Some APS athletes leave New Mexico to play sports elsewhere

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ALBUQUERQUE, N.M. — The effort to get APS students back into sports is taking on a more extreme look. Some student athletes are even opting to leave the state.

Logan Fuller, a former Hope Christian state football champ, is one of them.

"We had just won state and it was looking pretty good for us. I was excited for my junior year,” Logan said.

Logan said he was excited to build on the success of Hope Christian’s 3A championship win in 2019.

"And then COVID hit, so we weren’t really getting able to do much,” he said.

“I know the pandemic is real, and I work in— I’m in ICUs and I see people with COVID and isolated and dying,” said Scott Fuller, Logan’s dad.

However, Fuller said he believes it’s possible for athletes to continue participating in their sport in a COVID-safe way.

"Strong contention is what’s best for these kids is academics and athletics which we know can be done safely,” he said.

In order to continue playing football, Logan transferred into the IMG Academy in Florida.

"My dream is to play for, probably for Oklahoma State Football, or Texas A & M. I got a list of like five schools,” he said.

Logan, now living 1,500 miles away from his dad, said leaving the state was the best way to pursue his goals—and he’s not alone.

"They would love to go, and they’ve given us impassioned pleas to leave and to move,” said Sara Limon, an APS mother of two.

Limon, who is a lifelong New Mexican, said her two children, Jack and Lucy, have told her they want to leave the state.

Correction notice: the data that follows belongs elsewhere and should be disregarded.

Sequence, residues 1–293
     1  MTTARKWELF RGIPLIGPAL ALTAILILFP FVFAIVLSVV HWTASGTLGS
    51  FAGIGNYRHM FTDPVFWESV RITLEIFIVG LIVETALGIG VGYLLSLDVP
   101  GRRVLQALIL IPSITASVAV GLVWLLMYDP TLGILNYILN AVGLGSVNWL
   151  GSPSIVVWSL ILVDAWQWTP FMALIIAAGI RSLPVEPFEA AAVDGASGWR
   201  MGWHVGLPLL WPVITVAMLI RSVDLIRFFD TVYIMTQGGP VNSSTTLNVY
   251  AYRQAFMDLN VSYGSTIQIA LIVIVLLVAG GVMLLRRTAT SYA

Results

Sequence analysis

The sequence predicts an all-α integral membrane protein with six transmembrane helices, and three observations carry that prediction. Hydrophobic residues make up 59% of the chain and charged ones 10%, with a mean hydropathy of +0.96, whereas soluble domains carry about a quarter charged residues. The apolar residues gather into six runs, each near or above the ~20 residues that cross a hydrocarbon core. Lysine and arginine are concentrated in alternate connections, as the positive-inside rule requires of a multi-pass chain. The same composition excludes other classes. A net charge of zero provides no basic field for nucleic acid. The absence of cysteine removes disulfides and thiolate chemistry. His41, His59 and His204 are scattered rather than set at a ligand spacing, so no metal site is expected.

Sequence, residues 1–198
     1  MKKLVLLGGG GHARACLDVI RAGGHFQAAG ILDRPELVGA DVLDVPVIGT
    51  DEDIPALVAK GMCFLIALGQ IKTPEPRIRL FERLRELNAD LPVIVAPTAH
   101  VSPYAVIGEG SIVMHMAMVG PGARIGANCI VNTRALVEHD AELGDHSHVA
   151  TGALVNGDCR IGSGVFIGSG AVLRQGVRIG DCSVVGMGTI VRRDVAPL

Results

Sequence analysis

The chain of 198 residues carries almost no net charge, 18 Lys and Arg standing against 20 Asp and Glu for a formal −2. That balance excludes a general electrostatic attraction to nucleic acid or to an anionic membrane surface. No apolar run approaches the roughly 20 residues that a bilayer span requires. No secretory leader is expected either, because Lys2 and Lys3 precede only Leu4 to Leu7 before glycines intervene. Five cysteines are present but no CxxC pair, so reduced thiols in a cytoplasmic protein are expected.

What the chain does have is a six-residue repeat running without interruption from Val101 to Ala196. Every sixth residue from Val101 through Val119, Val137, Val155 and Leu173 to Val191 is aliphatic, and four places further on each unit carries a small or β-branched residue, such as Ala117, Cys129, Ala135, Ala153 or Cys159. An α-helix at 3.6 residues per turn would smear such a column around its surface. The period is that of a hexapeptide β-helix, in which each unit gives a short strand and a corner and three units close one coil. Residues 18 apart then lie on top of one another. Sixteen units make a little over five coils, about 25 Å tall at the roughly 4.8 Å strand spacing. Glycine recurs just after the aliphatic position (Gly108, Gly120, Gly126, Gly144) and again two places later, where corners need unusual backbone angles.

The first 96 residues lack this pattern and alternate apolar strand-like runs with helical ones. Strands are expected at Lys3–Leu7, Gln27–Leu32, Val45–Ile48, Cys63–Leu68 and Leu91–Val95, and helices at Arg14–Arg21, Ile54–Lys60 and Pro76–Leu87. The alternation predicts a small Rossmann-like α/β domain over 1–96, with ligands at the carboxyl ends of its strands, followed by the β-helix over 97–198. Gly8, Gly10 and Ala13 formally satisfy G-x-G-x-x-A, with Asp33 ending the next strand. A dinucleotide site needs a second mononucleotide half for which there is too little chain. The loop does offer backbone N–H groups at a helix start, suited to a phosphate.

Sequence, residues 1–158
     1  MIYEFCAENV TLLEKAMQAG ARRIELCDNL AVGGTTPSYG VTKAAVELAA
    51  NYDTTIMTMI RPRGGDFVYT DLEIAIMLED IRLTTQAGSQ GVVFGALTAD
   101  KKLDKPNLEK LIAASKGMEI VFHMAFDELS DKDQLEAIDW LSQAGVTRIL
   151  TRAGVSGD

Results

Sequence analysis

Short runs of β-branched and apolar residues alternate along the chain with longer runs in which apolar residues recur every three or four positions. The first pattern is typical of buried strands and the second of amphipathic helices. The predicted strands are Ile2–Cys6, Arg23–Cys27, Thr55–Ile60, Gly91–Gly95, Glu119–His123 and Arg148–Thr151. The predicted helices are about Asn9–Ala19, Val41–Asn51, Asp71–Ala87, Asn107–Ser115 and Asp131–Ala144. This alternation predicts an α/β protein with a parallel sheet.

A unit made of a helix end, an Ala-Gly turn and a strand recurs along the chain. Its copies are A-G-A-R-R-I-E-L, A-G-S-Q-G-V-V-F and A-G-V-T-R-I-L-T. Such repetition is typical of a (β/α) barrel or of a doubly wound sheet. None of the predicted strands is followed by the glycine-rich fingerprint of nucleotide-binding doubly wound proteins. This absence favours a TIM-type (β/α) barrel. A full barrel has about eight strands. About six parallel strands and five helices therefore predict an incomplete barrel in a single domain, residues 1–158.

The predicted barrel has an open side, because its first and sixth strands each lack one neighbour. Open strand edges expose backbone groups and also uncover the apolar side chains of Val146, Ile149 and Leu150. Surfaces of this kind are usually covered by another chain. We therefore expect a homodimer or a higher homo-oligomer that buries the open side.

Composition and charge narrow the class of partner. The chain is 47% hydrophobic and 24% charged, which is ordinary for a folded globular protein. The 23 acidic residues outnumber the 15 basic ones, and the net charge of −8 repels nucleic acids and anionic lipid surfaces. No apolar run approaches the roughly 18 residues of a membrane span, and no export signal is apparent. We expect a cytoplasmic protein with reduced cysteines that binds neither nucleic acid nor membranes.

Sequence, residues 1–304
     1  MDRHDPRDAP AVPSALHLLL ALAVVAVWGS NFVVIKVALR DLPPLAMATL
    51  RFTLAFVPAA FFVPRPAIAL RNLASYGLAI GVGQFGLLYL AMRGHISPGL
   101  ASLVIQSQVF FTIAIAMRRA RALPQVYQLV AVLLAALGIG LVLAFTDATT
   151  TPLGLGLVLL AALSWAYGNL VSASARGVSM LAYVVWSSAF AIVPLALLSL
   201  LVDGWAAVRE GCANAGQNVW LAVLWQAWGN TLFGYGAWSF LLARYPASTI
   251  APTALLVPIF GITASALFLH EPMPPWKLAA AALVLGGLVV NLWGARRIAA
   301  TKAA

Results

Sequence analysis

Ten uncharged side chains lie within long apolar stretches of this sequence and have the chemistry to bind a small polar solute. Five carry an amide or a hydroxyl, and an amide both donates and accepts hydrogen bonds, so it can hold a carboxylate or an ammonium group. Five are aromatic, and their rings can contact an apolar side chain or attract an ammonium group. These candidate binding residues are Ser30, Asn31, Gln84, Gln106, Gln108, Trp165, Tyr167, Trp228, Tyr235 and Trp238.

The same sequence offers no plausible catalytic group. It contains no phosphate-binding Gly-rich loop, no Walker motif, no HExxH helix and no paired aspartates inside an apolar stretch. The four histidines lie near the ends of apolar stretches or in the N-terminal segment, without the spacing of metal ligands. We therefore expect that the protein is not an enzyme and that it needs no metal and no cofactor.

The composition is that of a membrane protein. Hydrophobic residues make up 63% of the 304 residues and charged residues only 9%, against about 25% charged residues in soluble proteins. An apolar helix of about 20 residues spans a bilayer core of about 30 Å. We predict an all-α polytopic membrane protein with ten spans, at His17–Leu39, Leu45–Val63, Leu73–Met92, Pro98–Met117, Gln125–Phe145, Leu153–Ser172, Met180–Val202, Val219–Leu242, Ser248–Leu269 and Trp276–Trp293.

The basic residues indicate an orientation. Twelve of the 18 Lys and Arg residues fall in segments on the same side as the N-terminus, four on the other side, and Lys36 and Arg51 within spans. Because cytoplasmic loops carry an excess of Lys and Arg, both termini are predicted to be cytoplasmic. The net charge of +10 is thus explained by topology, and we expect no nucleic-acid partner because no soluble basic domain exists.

“It’s really hard when you have raised your children in a place that you love, to hear them speak so negatively about it,” she said.

While moving her family is not an option, Limon said she’s been at the center of the “Let Them Play” legal fight, which is currently raising funds through a GoFundMe aimed at getting the state to allow kids to play school sports before they return for in-person learning.

"Things are working just fine everywhere else. I think we need to be a little less fear-based in what might happen, and be a little bit more logic based in what we know works,” she said.

As a lengthy legal fight prepares to kick off, more New Mexicans are searching for opportunities elsewhere.

"I just looked what do I need to do to get to my goal, my dream—and this was the way,” Logan said.

KOB 4 reached out to the governor’s office to see where she stands on separating sports from hybrid learning. A spokesperson sent the following statement:

"The priority of the state of New Mexico is to safely get more students back into the best possible learning environment. School districts and charters have all the tools they need to make that decision and safely re-engage in a productive hybrid in-person model for the benefit of students. PED has maintained open channels of communication with districts as we make our way through these unprecedented times and continues to do so. If a school district can’t or doesn’t have the wherewithal or resources to safely re-engage in the classroom environment, where the state can and will assist with surveillance testing among other essential public health efforts to keep educators and students safe, New Mexicans have every right to ask them how they would manage a safe sports environment."